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Monica Doumit: False “choice” won’t stop with Canberra

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The Senate standing committee on community affairs report into universal access to reproductive healthcare noted that if women who don’t contracept or who take the pill could be put on long-lasting reversible contraception, the Federal Government would save $88m over a five-year period.
The Senate standing committee on community affairs report into universal access to reproductive healthcare noted that if women who don’t contracept or who take the pill could be put on long-lasting reversible contraception, the Federal Government would save $88m over a five-year period.

Those who were surprised that Prime Minster Anthony Albanese backed the ACT Government’s push to compulsorily acquire Calvary Hospital haven’t been paying attention.

Ideological decisions regarding the provision of healthcare aren’t limited to the ACT Government.

Looking at the latest report to come out of the Australian Senate, it is clear they are the modus operandi for the Commonwealth as well.

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On Thursday, the Senate standing committee on community affairs released its report into universal access to reproductive healthcare.

“Reproduction” usually means “generating new members of the species,” but the Senate report was largely about avoiding procreation altogether, either through contraception or abortion.

Its recommendations were significantly weighted towards the prevention of pregnancy or its termination, rather than bringing it to completion.

Again, we shouldn’t be surprised. Now that we have redefined marriage and what it means to be a man or woman, a redefinition of reproduction was the next logical step.

About a quarter of the report was dedicated to recommendations to make contraception cheaper, less regulated and longer-lasting.

That means taxpayer-funded subsidies for contraceptives, a review of the approval process from the Therapeutic Goods Administration, and promotion for long-acting, reversible contraceptive devices such as IUDs and hormonal implants.

The report also noted that if women who don’t contracept or who take the pill could be put on long-lasting reversible contraception, the Federal Government would save $88m over a five-year period.

It’s another example of how, without fail, reproductive “choice” makes or saves money for the government, abortion or IVF providers at the expense of women.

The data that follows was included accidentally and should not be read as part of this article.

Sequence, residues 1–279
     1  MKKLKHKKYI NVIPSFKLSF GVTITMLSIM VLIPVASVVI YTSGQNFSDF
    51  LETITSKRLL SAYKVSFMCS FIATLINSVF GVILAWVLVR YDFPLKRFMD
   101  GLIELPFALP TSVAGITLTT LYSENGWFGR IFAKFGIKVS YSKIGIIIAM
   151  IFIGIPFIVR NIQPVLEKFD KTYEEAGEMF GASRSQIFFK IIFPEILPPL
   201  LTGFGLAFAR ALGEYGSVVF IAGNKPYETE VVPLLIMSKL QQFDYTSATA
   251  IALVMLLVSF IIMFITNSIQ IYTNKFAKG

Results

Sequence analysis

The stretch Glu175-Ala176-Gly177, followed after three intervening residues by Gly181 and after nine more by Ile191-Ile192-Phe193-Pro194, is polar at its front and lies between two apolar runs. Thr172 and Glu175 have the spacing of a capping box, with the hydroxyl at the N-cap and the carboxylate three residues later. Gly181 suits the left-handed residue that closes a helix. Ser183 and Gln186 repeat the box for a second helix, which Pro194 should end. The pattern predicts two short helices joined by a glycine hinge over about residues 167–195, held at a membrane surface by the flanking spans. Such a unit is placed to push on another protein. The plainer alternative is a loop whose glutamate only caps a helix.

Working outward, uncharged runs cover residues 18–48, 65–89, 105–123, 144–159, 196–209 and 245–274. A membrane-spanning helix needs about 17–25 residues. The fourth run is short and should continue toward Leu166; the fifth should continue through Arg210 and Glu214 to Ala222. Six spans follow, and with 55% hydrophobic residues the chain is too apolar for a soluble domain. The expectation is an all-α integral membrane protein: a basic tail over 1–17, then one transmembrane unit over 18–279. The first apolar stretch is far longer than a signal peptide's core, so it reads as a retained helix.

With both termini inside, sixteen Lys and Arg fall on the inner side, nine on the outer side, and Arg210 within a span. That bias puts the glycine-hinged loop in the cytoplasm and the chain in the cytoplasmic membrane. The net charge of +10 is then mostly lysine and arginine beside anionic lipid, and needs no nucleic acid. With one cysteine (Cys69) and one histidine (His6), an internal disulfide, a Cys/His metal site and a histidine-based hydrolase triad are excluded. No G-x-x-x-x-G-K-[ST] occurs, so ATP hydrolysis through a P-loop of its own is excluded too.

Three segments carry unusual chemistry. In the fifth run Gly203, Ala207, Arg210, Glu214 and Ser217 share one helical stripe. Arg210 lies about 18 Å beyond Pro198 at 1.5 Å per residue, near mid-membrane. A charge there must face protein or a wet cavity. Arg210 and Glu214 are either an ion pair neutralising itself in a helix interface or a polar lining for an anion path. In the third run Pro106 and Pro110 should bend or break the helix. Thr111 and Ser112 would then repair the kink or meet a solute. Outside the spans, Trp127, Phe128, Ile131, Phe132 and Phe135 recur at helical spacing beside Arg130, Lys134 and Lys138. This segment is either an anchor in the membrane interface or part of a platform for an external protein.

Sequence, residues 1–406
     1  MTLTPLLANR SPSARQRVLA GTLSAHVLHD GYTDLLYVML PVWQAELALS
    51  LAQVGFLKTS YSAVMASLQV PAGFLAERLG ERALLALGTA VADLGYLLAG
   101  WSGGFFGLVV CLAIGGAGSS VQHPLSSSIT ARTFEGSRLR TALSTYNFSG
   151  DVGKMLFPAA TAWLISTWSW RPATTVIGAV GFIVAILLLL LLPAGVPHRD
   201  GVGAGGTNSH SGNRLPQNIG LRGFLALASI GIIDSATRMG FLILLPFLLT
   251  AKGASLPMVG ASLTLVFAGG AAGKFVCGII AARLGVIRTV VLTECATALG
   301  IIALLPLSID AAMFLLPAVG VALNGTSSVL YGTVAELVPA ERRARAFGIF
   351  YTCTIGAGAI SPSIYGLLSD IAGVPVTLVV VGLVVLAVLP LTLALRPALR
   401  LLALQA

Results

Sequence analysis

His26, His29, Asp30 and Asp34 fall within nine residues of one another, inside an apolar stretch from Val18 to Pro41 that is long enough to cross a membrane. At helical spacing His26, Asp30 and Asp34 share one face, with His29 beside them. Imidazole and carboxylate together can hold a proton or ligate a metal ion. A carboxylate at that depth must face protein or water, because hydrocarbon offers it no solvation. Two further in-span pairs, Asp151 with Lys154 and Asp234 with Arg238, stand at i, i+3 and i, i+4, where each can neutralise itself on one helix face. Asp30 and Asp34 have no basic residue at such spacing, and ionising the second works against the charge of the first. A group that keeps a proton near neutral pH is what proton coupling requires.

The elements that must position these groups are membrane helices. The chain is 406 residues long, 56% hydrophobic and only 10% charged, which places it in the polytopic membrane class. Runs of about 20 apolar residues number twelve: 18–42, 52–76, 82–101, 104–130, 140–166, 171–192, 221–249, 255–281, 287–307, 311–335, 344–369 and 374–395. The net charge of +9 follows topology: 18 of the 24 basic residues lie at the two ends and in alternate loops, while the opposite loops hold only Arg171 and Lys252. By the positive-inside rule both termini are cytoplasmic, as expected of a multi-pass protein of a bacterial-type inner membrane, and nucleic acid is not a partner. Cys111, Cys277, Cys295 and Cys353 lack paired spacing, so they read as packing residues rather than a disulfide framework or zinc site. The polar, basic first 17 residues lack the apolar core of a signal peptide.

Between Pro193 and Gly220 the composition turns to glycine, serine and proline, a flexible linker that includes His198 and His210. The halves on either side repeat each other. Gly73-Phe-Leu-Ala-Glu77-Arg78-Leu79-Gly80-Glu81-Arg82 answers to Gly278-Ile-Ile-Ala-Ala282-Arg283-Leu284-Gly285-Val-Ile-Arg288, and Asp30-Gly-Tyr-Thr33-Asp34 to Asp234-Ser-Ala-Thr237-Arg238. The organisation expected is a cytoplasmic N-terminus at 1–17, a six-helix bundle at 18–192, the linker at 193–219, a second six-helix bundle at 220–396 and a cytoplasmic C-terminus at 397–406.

The report made several recommendations related to abortion, including that all public hospitals should provide both maternity services and surgical abortions, or at least provide pathways to affordable, local providers for these.

In other words, Catholic-run public hospitals (like Calvary) should be forced to provide abortions or at least refer women to doctors who will.

In a report about reproductive choices that ran for more than 100 pages, only eight paragraphs mentioned reproductive coercion. There was no mention of the link between pregnancy, abortion and domestic violence.
In a report about reproductive choices that ran for more than 100 pages, only eight paragraphs mentioned reproductive coercion. There was no mention of the link between pregnancy, abortion and domestic violence.

For all the outrage over what the ACT Government has done in recent weeks, it seems that they are just getting a head start on the federal recommendations.

In April, the ACT Government began providing free abortions and long-term contraceptives and have now moved to take over the Catholic-run, public hospital that was committed to life.

That’s exactly what will happen across the nation if these recommendations are accepted by government and implemented.

It wasn’t only the recommendations that were problematic. The report was also notable for what it didn’t say.

In a report about reproductive choices that ran for more than 100 pages, only eight paragraphs mentioned reproductive coercion. There was no mention of the link between pregnancy, abortion and domestic violence.

This is despite broad agreement from pro-life and pro-abortion groups that women are sometimes coerced into pregnancy and/or abortion, and that the first instance of domestic violence frequently occurs after a woman falls pregnant.

A 2022 study from the University of Queensland finding that almost 50 per cent of women who reached out to pro-abortion group “Children by Choice” were seeking an abortion because of “exposure to intimate partner violence, family violence, reproductive coercion and other violence.”

Despite this, the sole recommendation to come out of the tokenistic treatment of coercion and violence was that the Australian Government commission research into the problem.

As all bureaucrats know, if you want to appear to be doing something while actually doing nothing, you commission a report.

More appropriate recommendations would be for abortion providers to be trained to detect signs of violence, to refer victims to support networks and mandatorily report any suspected criminal behaviour to appropriate authorities.

Governments should also use some of their “reproductive choice” budget to provide housing for pregnant women who face violence.

Last year, the Albanese Labor Government abandoned a previous policy that that threatened to link public funding of hospitals to abortion provision.

Let’s hope that despite their unwillingness to stand firm on Calvary Hospital, Labor will at least reject recommendations in this report that are of no real benefit to women.

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